But beware of judging exercises by the transfer ratio alone. The relative difficulty of making gains in a given drill is a factor. For instance, if you test the pistol with a 32kg kettlebell, you might find out that every rep you add to this killer boosts your jerks by awesome four reps. The transfer ratio is a spectacular 4/1=4. But does this mean that the pistol is far superior to the front squat?—No, because it might be easier to add six reps to the 2*32kg front squats than to add a single rep to pistols with 32kg.

Calculating the transfer ratio will enable you to find your most effective assistance exercises. It does not mean that you should not do other drills; only that you should save the best for when it counts the most. A standard procedure for many Soviet strength athletes was to lay off their most effective exercises for a while to make their bodies extra responsive to them, then pull out the big guns in the cycle building up to a very important event such as the Olympics.

5) Write down a rigid game plan.  Make no changes until the end of the experiment except in emergency.

This should be obvious. Jumping around from one exercise to another or switching routines as often as socks is a dead end. Have the patience to see your “strength science experiment” through. Quitting because you “feel” that whatever you are doing is not working is an emotional approach to training and it will fail as such.

6) Take detailed notes.

And save them. Years down the road, you will be able to mine gold from your training journals. There is a line in a song by Mouslim Magomayev, a Soviet singer of my parents’ generation: “My memories are my judges and my mentors.” I doubt “Soviet Sinatra” had learning strength lessons from your training log in mind, but it sure works for us.

Jason Marshall and Sven Rieger lifting the Dinnie Stones
StrongFirst Teachers of Strength Jason Marshall and Sven Rieger
lifting the legendary Dinnie Stones.
Accomplishing a feat like that takes not only toughness
but a scientific mindset.

7) Conduct preliminary analysis during the experiment and the final analysis upon the completion. 

“It is hard to imagine anything that would retard long-term progress more than the failure to learn from experience,” wrote Arthur Drechsler whose Weightlifting Encyclopedia has inspired this article.

I will leave you with a call to view your training as evolution, not revolution.

What is a “revolution”?—A violent overthrow of an existing order in favor of another, a radically new one. Just say “1776.”

“Evolution,” in contrast, is a gradual, barely noticeable development. It is not nearly as exciting, but at least as important for getting places over a long haul. In two centuries, the U.S. of A. have evolved into the most awesome place for a working person to live. While it would not have happened without the American Revolution, more revolutions would have ruined this great country. Third world countries with weekly coups are a case in point.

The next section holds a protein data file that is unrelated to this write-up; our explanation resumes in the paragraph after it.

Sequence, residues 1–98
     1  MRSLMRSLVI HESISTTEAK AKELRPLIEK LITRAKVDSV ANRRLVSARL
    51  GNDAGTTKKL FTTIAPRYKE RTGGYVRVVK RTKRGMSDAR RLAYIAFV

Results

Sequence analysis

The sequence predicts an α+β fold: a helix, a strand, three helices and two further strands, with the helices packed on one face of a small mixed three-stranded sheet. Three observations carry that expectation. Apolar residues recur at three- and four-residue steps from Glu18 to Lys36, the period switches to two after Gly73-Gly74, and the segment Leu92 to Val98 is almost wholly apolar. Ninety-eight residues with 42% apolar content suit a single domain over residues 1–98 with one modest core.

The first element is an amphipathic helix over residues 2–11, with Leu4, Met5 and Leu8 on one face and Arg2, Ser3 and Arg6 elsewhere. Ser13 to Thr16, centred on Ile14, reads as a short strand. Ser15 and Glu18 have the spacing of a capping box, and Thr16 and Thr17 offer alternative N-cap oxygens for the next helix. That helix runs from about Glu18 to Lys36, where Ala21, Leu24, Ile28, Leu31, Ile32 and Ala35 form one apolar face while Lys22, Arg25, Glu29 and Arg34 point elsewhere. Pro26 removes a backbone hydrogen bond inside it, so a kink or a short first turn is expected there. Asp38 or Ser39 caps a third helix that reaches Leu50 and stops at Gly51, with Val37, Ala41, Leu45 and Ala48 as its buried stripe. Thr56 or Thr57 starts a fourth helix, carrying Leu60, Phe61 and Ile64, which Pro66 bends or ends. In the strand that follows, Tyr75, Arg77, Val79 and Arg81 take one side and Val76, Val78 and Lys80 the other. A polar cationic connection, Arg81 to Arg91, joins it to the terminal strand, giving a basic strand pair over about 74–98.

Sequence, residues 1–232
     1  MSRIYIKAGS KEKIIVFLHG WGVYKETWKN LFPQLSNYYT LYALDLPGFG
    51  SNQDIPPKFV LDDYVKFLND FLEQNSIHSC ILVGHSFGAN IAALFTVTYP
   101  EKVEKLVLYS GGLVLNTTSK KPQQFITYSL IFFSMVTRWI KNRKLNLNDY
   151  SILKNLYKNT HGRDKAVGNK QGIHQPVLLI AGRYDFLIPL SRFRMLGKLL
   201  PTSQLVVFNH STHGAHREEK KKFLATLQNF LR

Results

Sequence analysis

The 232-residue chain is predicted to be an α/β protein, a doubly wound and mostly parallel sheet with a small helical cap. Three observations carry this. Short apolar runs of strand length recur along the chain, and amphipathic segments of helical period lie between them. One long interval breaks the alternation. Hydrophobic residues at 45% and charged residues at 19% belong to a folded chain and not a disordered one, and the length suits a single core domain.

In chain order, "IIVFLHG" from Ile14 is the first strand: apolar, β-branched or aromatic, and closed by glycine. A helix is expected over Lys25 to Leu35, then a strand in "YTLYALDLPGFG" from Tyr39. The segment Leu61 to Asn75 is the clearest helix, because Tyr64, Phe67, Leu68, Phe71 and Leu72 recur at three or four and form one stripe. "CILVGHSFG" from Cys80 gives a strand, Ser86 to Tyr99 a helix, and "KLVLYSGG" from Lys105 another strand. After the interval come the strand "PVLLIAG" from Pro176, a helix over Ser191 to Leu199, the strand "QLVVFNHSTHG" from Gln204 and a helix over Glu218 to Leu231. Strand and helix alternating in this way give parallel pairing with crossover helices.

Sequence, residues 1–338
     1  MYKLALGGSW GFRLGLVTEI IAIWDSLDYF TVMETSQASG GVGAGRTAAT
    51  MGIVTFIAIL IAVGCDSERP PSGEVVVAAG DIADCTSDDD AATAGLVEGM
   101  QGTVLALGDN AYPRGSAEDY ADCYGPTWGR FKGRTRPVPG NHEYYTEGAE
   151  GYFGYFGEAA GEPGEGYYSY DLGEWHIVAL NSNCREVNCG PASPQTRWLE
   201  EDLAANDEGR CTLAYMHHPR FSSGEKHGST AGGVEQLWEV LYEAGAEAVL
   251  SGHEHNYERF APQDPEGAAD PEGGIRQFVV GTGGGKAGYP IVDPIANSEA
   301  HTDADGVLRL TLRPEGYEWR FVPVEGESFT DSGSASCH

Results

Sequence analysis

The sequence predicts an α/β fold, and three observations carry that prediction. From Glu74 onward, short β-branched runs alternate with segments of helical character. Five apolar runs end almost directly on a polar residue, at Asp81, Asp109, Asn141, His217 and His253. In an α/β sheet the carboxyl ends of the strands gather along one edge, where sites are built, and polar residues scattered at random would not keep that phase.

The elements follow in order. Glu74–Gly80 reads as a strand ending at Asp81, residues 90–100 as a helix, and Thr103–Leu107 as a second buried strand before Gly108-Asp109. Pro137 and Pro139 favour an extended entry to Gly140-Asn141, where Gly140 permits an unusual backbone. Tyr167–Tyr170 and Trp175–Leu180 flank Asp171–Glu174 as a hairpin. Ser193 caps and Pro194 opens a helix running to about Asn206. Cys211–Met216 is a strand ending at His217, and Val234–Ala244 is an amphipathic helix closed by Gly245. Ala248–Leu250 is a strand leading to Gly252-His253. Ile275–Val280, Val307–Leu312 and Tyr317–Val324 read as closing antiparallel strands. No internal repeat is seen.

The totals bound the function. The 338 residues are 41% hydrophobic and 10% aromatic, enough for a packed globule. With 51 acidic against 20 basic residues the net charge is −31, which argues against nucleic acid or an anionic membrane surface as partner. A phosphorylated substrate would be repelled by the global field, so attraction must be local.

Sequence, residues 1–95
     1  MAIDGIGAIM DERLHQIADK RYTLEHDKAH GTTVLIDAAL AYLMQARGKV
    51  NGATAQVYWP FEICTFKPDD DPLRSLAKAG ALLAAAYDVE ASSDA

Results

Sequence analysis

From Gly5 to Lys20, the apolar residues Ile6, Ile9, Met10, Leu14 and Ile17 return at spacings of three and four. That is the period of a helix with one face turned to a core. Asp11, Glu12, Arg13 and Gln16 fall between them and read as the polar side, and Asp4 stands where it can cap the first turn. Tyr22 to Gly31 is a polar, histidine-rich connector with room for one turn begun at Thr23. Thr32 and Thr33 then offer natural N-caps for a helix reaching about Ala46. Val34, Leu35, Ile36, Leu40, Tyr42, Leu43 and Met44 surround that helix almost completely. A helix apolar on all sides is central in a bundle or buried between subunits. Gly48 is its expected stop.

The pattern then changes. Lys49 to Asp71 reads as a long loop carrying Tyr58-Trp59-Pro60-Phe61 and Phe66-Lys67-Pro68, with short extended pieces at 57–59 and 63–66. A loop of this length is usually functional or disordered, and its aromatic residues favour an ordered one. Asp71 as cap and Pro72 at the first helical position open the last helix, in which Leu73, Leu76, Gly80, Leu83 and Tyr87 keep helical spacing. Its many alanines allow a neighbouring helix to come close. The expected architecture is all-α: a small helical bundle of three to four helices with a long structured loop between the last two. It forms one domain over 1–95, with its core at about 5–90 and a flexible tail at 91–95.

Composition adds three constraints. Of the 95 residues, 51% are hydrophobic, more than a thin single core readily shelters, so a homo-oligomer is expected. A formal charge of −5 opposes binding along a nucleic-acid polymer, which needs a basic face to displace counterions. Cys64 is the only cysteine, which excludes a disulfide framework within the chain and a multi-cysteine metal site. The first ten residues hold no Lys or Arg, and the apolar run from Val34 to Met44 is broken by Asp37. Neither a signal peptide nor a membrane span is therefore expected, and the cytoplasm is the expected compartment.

You have made a revolution by accepting StrongFirst training methods. Now it is time to let your training evolve slowly.

Patience and power to you!

# # #

Pavel Tsatsouline
Pavel Tsatsouline is the CEO of StrongFirst, Inc.

13 thoughts on “Seven Steps to Strength: Programming as a Science Experiment

  • Always great to see an article from Pavel. I was just talking to a coach at work today about how I am still unpacking ideas from the Programming Improv last spring. The wisdom is much appreciated!

  • Interesting and challenging thoughts, Pavel! Let me share my latest observations regarding some of your claims and plans:

    After reaching Timeless Simple I have set myself the goal of achieving a half body MP (which will probably take a me a few years) while maintaining or building my “Strong Endurance”.

    For 8 months I followed experimental ROP 2.0 (handed to me by an SFG) and made good progress.

    Since then I have been rotating two-week blocks of ROP 2.0 with KBSF Plan A (LCCJ) as a kind of A+A single bell ROTK. Currently, I am in month 5 of my experiment.

    This time around my C&P progress has been much better (if counting the number of sessions or weeks for moving up to more difficult ladders and volume). The first two sessions of each block feel a bit heavier than I would like but I will always leap ahead naturally during the second week. (I always start with a medium week, followed by a heavier week: MHM, HMH.) My LCCJ progress has also been great for four blocks – until I hit a wall with CJCJC during my current block.